Meeting Report: The Mountain Plants of Scotland
The speaker at the meeting of the Dumfriesshire and Galloway Natural History and Antiquarian Society (DGNHAS) held on Friday, 8 March 2019, was Dr Carole Bainbridge, a former president of the Scottish Rock Garden Club. Carole's talk was entitled Mountain Plants of Scotland. In a wide-ranging presentation, Carole described the various mountain plants — or 'Alpines' — growing in different habitats in Scotland. Those growing at the highest altitudes, for example near the summit of Ben Lawers, including the dwarf juniper, (Juniperus communis nana)and the Alpine snowbell (Soldanella alpina) have to cope with strong winds and rapidly changing weather conditions, so they tend to grow in sheltered rock crevices. Many plants growing in these conditions are very short, for example the Mountain Azalea (Rhododendron canescens) grows only 1–2 inches tall. New species have been added to the Scottish flora comparatively recently, for example a relict population of the pincushion plant (Diapensia laponica), found normally in Alaska and Scandinavia, was discovered in Glenfinnan in 1953. Recently a survey of mountain plants on the inaccessible parts of Ben Nevis has been made, which involved botanists having to learn rock-climbing and vice versa.
Some species prefer short grasslands, at somewhat lower altitude, including club mosses, the hairy stonecrop (Sedum villosum), mountain avens (Dryas octopetala), and the Alpine moonwort (Botrychium nivalis), which only grows 2 inches high. Longer grass, in areas protected from grazing, is inhabited by the Alpine bartsia (Bartsia alpina), and the Alpine sow-thistle (Cicerbita alpina), the latter being confined to the glens of Angus. Lower still, woodland edges are favoured by various species of orchids, the primrose, and the wintergreen (Orthilia secunda).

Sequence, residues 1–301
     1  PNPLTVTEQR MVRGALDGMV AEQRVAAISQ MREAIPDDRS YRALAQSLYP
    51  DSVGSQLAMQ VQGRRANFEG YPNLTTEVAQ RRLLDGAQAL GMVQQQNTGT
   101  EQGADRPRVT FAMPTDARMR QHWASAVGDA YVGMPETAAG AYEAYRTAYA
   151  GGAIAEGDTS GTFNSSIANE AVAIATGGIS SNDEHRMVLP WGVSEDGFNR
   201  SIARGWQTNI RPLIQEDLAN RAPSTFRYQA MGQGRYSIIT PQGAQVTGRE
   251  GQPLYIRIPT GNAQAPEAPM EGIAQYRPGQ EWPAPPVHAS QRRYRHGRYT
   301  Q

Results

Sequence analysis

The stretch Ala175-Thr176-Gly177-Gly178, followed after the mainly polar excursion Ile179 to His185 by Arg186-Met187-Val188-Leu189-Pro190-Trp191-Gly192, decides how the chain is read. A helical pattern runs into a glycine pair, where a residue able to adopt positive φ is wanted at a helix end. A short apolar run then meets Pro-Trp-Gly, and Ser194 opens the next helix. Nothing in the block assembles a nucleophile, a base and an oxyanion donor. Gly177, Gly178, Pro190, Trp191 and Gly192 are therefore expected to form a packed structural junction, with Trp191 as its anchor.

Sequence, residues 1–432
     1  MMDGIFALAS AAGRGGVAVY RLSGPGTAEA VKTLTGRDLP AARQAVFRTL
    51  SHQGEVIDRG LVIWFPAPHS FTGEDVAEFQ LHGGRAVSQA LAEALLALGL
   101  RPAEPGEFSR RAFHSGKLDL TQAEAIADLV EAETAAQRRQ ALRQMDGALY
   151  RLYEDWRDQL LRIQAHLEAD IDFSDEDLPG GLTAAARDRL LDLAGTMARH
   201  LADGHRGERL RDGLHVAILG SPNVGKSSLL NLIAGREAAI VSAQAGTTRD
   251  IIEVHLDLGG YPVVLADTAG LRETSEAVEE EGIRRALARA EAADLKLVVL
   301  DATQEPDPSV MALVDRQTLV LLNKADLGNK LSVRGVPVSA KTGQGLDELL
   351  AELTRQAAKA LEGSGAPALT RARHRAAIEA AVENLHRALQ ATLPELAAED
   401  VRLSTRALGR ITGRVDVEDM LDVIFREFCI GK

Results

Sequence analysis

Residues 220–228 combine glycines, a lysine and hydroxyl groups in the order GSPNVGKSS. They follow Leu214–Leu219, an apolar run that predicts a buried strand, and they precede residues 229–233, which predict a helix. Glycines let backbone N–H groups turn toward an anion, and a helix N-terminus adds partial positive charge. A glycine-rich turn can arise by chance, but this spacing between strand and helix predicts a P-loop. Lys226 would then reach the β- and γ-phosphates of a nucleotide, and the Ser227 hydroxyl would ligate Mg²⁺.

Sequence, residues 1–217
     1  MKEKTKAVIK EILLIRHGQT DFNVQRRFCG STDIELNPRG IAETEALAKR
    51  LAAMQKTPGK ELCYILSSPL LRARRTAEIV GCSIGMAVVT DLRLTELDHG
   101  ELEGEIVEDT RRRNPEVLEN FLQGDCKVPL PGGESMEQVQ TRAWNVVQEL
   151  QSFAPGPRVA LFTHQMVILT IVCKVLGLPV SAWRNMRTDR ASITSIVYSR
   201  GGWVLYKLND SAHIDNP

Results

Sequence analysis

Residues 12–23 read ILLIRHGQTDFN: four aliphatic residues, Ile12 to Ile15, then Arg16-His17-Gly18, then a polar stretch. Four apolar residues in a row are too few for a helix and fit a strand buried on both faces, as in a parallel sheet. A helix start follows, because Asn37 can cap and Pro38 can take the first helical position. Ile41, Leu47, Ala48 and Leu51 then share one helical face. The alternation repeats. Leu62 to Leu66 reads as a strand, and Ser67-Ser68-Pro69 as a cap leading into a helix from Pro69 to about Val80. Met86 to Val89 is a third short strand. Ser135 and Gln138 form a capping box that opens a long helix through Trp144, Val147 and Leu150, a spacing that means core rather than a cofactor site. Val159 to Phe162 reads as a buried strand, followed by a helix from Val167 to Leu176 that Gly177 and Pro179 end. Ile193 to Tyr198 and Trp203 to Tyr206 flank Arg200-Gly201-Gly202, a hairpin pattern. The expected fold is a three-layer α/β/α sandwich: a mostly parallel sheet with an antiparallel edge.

The Scottish mountains contain many wet habitats and bogs, and these host species such as the starry saxifrage (Saxifraga stellaris), found on Ben Nevis as high as 1340m. The flow country of the northeast, Scotland's largest area of bog, holds the marsh saxifrage (Saxifraga hirculus), only discovered in 2002, as well as the much more common Cloudberry (Rubus chamaemorus). The insect-eating Sundews also favour boggy habitat.
Paradoxically, some species considered as Alpine or mountain plants occur on the coast in Scotland, especially the north coast, due to the cool climate. For example the mountain milk-vetch (Oxytropis halleri) is coastal in Scotland but a mountain species in continental Europe. Some occur in our area, for example the spring squill (Scilla verna), is common on the Mull of Galloway, while the Pyramidal Orchid (Anacamptis pyramidalis) has been found near Gatehouse of Fleet.
Carole concluded her talk by pointing out that some species have been lost in recent years due to changes in land use and climate change, but given the inaccessibility of many mountain habitats in Scotland it is also likely that there are new species out there waiting to be discovered.